There is an important form I need to fill out online to the Univ. of Albany so they can receive the stipend I earned from AmeriCorps. It will pay for the Buddhist Immersion program I’m on right now. I have put off this chore for a few days and decided last night would be the right time.
I’d just about get finished then the power would go out. When it came back on I tried again. Three times and I didn’t get it done, so I went across the road to an Indian restaurant. I was still stuffed from a fabulous lunch – it was fish with curry and other spices. I’d like that recipe.
I sat near the entrance and watched human activity (oh, there was that one cat) walking in the rain. Umbrellas bounced, tuk tuks rattled by, revved up motorcycles whizzed down the road, smoky trucks poured exhaust, and traveling merchant wagons with loud speakers announced their goods.
I just sat there with my favorite drink: ice coffee with thick cream. The restaurant host has been in Cambodia for two years, and likes it so far, he said. The restaurant has a front area exposed to the street, but defined by a large canopy and a short hedge in front. Water trickles down on the side of one wall to bring a sound of peace.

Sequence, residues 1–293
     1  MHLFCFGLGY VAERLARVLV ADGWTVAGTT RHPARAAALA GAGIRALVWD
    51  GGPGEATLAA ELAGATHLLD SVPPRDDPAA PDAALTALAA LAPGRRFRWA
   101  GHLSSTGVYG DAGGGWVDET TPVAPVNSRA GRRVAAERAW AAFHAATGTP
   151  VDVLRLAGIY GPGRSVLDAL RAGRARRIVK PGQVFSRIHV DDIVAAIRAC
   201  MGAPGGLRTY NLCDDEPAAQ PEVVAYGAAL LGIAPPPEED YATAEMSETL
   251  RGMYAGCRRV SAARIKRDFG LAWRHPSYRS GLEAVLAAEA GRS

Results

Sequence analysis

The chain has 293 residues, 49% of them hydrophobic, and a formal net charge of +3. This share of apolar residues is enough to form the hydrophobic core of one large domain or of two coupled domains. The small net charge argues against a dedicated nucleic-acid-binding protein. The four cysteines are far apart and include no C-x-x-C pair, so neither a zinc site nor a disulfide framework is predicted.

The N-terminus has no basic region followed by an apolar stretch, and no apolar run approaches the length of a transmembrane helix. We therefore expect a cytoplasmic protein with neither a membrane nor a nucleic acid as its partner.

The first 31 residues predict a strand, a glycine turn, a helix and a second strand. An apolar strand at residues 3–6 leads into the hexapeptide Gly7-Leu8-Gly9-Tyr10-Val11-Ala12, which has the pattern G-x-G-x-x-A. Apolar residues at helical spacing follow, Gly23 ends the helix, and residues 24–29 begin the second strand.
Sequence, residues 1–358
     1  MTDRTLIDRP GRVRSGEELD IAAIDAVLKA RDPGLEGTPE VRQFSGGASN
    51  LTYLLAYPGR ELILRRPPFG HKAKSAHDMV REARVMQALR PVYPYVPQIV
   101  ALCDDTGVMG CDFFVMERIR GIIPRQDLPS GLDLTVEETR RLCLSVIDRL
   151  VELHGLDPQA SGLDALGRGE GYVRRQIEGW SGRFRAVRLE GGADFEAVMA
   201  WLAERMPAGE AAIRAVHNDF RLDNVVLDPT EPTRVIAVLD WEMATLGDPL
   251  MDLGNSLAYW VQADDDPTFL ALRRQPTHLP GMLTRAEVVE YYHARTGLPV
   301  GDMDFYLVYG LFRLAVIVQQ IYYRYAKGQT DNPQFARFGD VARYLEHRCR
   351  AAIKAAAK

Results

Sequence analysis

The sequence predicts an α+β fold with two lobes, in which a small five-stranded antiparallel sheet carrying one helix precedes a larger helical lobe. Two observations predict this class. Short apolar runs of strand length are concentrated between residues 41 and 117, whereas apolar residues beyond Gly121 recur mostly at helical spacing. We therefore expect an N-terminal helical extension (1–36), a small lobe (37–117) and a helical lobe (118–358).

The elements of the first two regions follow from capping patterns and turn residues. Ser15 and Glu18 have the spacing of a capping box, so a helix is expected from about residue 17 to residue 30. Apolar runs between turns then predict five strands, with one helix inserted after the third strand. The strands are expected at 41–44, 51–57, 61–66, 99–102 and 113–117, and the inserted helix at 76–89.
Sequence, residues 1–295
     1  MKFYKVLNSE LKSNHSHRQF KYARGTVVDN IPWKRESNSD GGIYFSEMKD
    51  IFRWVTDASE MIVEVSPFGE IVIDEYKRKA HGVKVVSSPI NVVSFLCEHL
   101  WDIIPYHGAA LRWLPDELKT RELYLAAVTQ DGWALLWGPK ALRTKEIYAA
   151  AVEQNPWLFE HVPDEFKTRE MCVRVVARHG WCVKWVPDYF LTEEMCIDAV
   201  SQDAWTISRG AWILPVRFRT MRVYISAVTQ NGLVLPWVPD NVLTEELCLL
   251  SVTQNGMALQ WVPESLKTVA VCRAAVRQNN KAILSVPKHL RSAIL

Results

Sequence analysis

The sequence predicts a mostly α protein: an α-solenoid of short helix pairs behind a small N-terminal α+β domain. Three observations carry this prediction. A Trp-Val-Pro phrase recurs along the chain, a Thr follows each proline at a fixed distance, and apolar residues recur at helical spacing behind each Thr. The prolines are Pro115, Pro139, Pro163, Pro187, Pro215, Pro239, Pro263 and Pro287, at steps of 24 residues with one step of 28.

I asked the host if they had dessert and the answer was no, however, there was one tiny bit of sweet he could let me try. The purple round looked like a plum, was in a tiny bowl of a thick syrup. He said it was made with a corn and flower paste and fried and then put into honey. I don’t know why the purple color.
I got ready to pay, and he said not to pay for the sweet, it was his pleasure to offer it to me.
“Most people in the world are good.” That is my mantra.
I’m up early this morning to pack my bags and get ready to leave. I’ll be at the Wat Koltertaing – a monastery for monks and where I’ll begin to teach.
I’m told there will not be wifi, so I won’t be able to post daily entrees, but will if I can find a place. Otherwise, the next post will be on July 24th, when I arrive back to Phnom Penh and the same hotel to prepare for the trip to Viet Nam. That’s complicated, but Sophak is working it out for me.
I will go with another volunteer from Global Service who is working in an orphanage in another area.